4. Pre-heat the oven to 350°F.
5. In a saute pan place the onions and garlic in olive oil, cook, mixing and stirring until a transparent golden color.
6. Add the onion mixture to the bowl and mix in soy sauce, barbeque sauce and  spices, mixing until fully incorporated.
7. Spray a 10’ x 14’ pan or cookie sheet with olive oil.
8. Divide the mixture into 6 equal sized balls and then shape each ball into a tight patty. Place the patties on the cookie sheet or pan and then bake them for about 45 minutes on one side, gently turning them, and then 30 minutes on the other side, until browned.

Allow the Quinoa to cool before working it into patties or it will burn your hands.  These burgers are easy to freeze and have on hand when short on time. This is where the expression “hand to mouth” comes from (just kidding).
Yield: 6 patties
Today my husband Wendel asked for a Scrambled Tofu breakfast.  After realizing that I usually put diced potatoes in the breakfast scramble, he exclaimed "We have no potatoes".  I surprised him by verifying that we had french fries (baked) in the freezer.  I pre-baked them and cut them tidbit size and used those instead.  My style of cooking is to create recipes with whatever ingredients I have in the house.  In this case I added Cilantro to the recipe.

Below is what the skillet of Scrambled Tofu and Potatoes looked like:

Where there is a will, there is often a way to "think outside the box".
It is my preference to eat a high percentage of raw foods, especially in the warmer weather with the abundance of summer seasonal fruits.  Summer is a great time for cleansing the body by eating lots of organic, raw fruits and vegetables.

For lunch and dinner I will always serve a salad with whatever else I am making.  I enjoy fixing different types of salads besides the variety of lettuces, such as watercress, endive, escarole, cabbages, and dandelion greens.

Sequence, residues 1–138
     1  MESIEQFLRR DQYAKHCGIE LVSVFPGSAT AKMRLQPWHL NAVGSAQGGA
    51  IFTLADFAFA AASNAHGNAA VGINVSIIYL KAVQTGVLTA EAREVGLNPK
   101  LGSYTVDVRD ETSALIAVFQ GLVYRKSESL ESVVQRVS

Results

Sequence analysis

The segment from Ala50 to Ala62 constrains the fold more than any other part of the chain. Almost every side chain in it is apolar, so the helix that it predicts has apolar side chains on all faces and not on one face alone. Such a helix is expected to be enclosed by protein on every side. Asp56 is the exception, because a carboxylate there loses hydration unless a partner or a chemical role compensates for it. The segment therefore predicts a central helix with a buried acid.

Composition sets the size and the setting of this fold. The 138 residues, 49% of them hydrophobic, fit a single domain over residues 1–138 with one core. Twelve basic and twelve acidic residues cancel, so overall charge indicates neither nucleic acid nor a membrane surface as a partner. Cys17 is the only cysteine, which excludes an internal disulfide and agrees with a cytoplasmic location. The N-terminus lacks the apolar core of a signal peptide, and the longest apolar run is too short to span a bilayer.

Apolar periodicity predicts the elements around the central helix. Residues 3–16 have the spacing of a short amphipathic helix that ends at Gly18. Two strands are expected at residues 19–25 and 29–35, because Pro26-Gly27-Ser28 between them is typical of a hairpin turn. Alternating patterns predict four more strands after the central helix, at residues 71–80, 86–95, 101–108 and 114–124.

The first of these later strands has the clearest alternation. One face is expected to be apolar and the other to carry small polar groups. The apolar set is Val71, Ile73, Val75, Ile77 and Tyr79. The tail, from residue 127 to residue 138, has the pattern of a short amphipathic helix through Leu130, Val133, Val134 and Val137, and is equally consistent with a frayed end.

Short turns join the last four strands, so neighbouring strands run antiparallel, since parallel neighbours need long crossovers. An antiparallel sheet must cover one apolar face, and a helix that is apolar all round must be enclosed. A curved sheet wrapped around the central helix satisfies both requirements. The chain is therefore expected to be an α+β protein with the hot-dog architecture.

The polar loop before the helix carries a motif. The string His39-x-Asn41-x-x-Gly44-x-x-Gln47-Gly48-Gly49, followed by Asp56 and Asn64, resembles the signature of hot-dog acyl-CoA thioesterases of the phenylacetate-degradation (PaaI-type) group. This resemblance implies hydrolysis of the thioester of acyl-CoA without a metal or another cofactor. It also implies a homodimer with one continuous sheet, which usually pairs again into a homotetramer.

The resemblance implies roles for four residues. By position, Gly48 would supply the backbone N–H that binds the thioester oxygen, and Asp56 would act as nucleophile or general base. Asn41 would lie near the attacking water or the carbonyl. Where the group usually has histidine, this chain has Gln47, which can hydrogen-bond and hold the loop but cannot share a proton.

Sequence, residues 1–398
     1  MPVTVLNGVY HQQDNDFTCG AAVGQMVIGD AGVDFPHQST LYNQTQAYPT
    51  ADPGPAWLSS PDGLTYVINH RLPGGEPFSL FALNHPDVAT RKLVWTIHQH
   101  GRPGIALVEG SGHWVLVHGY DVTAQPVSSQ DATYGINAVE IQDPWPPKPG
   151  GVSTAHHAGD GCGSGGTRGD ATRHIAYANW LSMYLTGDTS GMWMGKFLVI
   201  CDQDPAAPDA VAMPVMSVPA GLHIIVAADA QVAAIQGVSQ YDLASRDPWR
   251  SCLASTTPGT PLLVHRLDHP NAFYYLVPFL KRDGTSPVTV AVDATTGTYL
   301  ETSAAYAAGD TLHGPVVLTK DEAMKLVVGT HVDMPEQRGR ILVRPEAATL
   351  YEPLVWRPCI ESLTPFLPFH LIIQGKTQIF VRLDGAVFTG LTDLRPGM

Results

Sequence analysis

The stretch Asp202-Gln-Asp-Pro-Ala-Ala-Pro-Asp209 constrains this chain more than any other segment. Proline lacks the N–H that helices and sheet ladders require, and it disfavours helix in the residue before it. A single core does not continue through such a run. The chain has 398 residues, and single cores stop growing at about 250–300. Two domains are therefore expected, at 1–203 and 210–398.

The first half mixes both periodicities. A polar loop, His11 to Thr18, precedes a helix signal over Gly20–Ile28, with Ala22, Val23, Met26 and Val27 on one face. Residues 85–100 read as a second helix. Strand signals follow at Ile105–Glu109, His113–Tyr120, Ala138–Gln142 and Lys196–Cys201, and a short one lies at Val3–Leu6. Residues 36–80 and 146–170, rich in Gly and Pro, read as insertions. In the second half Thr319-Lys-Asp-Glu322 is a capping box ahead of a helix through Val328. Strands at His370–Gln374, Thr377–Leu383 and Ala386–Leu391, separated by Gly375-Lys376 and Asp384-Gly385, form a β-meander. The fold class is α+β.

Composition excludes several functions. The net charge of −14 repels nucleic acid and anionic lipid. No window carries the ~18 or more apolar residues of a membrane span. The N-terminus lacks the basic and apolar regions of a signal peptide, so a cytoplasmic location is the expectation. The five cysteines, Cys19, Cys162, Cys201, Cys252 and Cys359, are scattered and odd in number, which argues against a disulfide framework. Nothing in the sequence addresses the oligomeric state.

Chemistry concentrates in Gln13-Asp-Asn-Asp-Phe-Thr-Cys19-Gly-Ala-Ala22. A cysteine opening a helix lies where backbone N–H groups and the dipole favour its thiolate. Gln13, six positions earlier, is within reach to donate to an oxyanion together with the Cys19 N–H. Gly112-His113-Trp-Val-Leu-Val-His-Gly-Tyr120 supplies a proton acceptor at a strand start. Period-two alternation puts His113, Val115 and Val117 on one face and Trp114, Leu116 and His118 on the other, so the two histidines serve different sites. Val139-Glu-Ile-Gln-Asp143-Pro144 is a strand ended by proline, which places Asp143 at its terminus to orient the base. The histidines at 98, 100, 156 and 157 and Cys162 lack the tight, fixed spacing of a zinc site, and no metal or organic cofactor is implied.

Here's what I made for dinner for myself and my husband the other day: Purple Slaw with Asian Dressing, Chard, Polenta and Butternut Squash. One word: YUM.

I don't have a recipe written down for the chard or the Polenta-Butternut Squash portions. In a nutshell for the latter, I've plated cooked polenta under a mixture of tender butternut squash chunks, red pepper and onions in a coconut sauce. Season to taste.

Here is the recipe for the Coleslaw (it can be found in my book):

Coleslaw & Dressing

I like making up this salad and putting it in a Ziploc bag and storing it in the refrigerator. Hold off on dressing the coleslaw until serving. This dressing also compliments green steamed vegetables.

3 cups cabbage, green (1 small head) shredded
1/2 cup green pepper, diced small
3/4 cup green scallions (2-3) sliced thin
1-1/2 cups carrots, peeled and shredded
1/2 cup curly parsley, minced

Place the four ingredients into a bowl and toss together.
Whisk together the ingredients for the dressing.
If serving 4 toss the cabbage with all of the dressing or save the rest.

Yield: serves 4

Coleslaw Dressing

1/2 cup Vegenaise
2 tablespoons lemon juice
1/2 teaspoon sea salt
1/4 teaspoon black pepper

Yield: about 3/4 cup

Add lemon juice according to your taste, lemon tartness varies.

“Cabbage, both red and green, is one of the least expensive of the vitamin protective foods, and is one of the most healthful vegetables.  It is an excellent source of vitamin C.  Cabbage contains many minerals: it is rich in calcium and potassium, and contains chlorine, iodine, phosphorous, sodium and sulfur.  Red cabbage has more calcium, but less of the other minerals than white or green cabbage.” (Foods That Heal by dr. Bernard Jensen)